Guest Column | July 22, 2015

6 Uses For IoT Sensors In Equipment Manufacturing

By Joanna Rotter, content marketing specialist, MSI Data

IoT Sensors In Equipment Manufacturing

It seems you can’t read any technology-related news these days without hearing about the potential of the Internet of Things to revolutionize the way we engage with the world. The reason? It’s a really big deal! The IoT promises to be the most disruptive technological advance since … well …. the Internet.

There’s no denying, the future of the IoT is upon us, and manufacturers stand to benefit more than most by using IoT to focus on warehouse productivity and safety, as well as strengthen field service programs.

IoT sensors built in equipment along with the tools to analyze incoming IoT data give manufacturers the information they need to get ahead in today’s increasingly connected world.

6 Ways Equipment Manufacturers Can Use IoT Data To Improve Product Support

Having access to machine data is only the start. With detailed performance information coming from connected equipment, manufacturers need to figure out how they’ll use all that data to inform business decisions and automate service processes. Here are a few ways you can make IoT work in your manufacturing business:

  1. Analyze Performance Data To Design Better Equipment And More Efficient Manufacturing Operations. With access to data from IoT sensors, manufacturers, service departments, and customers can see into the once-closed window of equipment performance. For example, service managers might see success rates of service visits or the profitability of a service contract, while a manufacturer portal might display profitability metrics, and a customer portal might show equipment efficiency and energy output.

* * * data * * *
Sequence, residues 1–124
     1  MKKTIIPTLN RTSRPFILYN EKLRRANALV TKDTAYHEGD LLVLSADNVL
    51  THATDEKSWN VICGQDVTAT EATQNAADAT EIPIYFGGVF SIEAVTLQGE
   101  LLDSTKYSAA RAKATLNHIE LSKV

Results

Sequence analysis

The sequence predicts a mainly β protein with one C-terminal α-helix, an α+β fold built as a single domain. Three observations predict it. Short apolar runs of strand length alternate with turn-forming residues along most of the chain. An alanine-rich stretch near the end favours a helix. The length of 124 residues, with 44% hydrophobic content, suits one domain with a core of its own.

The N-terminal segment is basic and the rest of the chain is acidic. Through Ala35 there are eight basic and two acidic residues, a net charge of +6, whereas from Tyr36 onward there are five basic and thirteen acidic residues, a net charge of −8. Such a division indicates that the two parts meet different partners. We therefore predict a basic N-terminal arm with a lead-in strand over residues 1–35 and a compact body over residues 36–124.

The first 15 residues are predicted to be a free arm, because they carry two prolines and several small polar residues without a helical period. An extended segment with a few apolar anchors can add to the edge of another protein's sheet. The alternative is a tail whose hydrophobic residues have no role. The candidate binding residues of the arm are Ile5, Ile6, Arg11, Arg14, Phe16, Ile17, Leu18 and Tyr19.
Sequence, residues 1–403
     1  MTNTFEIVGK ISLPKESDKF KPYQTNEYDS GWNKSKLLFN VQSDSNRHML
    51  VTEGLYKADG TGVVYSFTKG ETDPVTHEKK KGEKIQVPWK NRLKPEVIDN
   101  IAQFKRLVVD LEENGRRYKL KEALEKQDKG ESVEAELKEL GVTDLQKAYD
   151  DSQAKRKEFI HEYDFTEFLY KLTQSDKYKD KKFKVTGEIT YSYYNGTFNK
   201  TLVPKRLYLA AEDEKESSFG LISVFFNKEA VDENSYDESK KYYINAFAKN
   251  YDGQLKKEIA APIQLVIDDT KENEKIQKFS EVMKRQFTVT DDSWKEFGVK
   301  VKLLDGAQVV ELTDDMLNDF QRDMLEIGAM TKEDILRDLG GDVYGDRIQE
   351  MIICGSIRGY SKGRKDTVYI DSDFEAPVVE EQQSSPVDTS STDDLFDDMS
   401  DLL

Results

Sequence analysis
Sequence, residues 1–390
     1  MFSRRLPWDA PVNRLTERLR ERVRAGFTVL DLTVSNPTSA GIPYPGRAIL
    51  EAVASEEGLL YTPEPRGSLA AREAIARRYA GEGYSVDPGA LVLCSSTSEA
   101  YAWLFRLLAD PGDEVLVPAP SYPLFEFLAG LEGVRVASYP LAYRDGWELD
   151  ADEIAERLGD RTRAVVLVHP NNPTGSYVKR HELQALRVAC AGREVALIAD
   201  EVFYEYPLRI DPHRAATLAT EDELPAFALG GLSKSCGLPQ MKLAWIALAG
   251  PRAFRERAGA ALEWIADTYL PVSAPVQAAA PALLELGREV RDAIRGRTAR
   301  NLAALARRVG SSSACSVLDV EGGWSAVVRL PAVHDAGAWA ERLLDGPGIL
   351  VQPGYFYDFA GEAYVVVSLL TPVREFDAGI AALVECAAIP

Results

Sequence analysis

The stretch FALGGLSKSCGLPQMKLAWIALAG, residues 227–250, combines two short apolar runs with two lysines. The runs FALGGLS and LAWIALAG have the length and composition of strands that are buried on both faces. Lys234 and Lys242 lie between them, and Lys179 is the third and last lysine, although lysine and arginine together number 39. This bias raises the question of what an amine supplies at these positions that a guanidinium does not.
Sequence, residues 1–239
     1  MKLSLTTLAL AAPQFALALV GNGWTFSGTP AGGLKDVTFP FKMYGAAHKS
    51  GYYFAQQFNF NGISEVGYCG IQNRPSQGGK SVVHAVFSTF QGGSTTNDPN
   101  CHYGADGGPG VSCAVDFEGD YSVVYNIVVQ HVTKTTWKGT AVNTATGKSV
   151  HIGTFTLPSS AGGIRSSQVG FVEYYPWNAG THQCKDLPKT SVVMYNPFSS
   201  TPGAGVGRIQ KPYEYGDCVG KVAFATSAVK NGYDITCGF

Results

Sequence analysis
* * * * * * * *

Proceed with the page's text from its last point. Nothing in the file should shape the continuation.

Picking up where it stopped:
The ability to analyze key performance indicators can inform equipment production best practices and guide manufacturers to establish more effective preventive maintenance and service programs. In their article, article, “How the Internet of Things is Transforming Manufacturing,” Forbes quotes vice president of market development at Rockwell Automation, John Nesi, saying IoT hardware and software built into the equipment of one of their manufacturing customers resulted “‘in faster time to market, improved asset utilization and optimization, lower total cost of ownership, workforce efficiency, enterprise risk management and smarter expenditures.”
     
  2. Manage Equipment Self-Diagnostics. IoT sensors built into equipment provide a continuous data stream and can also signal alerts to the manufacturer when a part or component isn’t working right. It tells you where the potential problem is and what is, or is about to, go wrong. With access to equipment information before they’re dispatched to the field, field technicians can get all the tools and resources they need to do the job the first time. Not only will customers love that your team of field techs doesn’t need to go back to the office to retrieve a part or find out how to fix what’s wrong, techs will also  spend less time diagnosing equipment and more time fixing it, which means more billable time and larger revenue streams for the manufacturer.